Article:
Matthew James Everingham
A Convict of the First Fleet
The first book in the trilogy about the Everingham dynasty.
Sentenced in the Old Bailey at the age of fifteen years, Matthew James Everingham spent almost three years at hard labour while incarcerated on the prison hulk, Censor, moored on the River Thames, before eventually being transported to New South Wales on board Scarborough as part of the First Fleet.
He witnessed Governor Arthur Phillip raise the British flag and declare the new settlement in Port Jackson, naming it Sydney Cove, then worked as a convict in Sydney Cove and in Parramatta. In June 1791, he married Elizabeth Rymes, a sixteen-year-old convict who had arrived on Neptune, the “Hell Ship” of the Second Fleet.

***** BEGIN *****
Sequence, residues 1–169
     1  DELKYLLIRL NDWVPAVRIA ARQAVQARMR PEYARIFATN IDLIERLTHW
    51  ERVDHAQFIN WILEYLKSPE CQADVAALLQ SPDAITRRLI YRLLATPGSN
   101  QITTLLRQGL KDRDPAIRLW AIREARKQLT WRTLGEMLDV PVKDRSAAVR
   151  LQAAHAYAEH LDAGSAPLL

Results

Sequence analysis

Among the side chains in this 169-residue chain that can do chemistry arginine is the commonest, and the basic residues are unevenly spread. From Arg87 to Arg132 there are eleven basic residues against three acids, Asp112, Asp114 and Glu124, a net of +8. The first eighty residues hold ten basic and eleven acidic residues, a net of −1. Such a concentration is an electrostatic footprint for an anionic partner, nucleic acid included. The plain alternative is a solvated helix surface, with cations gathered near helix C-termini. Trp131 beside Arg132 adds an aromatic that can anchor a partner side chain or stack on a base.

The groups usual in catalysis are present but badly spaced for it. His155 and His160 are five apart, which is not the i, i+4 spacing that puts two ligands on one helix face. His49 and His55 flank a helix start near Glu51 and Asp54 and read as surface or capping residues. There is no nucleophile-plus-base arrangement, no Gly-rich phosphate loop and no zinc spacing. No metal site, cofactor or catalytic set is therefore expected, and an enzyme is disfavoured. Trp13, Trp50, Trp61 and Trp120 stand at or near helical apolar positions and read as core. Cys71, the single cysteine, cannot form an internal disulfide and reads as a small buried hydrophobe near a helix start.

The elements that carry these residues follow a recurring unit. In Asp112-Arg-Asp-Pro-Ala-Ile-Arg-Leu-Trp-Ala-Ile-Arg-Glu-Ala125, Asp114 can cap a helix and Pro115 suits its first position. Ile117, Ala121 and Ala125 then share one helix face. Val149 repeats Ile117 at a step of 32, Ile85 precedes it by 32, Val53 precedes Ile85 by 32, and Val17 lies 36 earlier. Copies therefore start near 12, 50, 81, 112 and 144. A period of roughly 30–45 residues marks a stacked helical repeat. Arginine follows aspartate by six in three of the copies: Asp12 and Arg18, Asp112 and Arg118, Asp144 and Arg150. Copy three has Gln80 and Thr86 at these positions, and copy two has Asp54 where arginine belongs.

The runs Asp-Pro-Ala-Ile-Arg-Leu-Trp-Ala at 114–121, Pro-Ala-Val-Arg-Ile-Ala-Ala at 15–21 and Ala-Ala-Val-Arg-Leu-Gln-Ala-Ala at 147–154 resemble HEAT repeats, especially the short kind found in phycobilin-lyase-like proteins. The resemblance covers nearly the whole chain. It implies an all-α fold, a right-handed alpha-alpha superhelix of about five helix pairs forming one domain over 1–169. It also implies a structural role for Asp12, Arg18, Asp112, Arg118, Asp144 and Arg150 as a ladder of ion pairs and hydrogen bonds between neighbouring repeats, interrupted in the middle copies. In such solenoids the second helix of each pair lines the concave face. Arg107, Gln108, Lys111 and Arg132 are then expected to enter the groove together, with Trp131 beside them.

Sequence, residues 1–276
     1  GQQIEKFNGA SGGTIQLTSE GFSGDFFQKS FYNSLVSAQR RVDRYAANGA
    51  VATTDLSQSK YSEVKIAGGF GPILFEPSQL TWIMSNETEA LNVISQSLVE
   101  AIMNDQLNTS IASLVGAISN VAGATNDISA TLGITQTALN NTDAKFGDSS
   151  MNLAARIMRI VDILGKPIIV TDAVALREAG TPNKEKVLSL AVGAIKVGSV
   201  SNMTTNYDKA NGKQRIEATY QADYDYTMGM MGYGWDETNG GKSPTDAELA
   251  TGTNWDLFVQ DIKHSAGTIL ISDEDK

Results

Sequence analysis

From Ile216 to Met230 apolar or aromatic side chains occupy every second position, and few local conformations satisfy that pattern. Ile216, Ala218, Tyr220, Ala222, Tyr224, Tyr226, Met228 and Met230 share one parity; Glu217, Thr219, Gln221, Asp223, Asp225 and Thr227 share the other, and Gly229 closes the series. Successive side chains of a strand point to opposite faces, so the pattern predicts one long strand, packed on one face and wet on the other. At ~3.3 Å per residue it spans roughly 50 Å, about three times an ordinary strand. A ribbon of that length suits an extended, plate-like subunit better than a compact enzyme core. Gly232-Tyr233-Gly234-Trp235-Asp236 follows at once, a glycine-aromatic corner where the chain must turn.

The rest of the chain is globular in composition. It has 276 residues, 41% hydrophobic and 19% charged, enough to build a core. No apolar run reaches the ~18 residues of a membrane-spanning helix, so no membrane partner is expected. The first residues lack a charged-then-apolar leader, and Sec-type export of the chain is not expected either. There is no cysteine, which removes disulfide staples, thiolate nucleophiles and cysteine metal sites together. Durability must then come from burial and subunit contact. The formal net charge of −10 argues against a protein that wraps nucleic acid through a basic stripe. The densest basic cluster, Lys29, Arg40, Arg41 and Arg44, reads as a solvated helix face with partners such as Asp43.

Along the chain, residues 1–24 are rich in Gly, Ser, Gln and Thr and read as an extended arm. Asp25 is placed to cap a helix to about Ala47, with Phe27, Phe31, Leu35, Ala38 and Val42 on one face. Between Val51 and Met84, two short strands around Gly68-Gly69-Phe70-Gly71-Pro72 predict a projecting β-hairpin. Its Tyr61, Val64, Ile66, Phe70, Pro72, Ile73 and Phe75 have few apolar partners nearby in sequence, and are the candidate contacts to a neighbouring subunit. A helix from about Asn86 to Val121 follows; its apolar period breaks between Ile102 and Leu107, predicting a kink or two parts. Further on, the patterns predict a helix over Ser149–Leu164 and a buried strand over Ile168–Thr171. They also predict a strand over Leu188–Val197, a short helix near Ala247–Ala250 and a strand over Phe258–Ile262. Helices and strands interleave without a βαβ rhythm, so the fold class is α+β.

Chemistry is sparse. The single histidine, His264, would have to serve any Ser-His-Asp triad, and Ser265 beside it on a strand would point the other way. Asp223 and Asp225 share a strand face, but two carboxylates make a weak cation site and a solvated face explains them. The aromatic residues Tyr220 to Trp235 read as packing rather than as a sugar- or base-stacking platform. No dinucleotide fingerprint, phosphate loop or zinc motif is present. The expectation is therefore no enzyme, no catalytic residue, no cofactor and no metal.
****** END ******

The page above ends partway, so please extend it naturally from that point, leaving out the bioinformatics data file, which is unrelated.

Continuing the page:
After his emancipation in 1791, Matthew and Elizabeth took land grants and struggled to eke out a living as farmers in the Parramatta and Hawkesbury regions. They weathered droughts, fires, floods, attacks by Aboriginal raiders and exploitation at the hands of the Rum Corps. They saw five governors come and go, as well as the rebel administration which followed the deposing of Governor William Bligh in Australia’s only political coup.
Matthew James Everingham is one of the best documented convicts and pioneer settlers in Australia’s history.
This is his story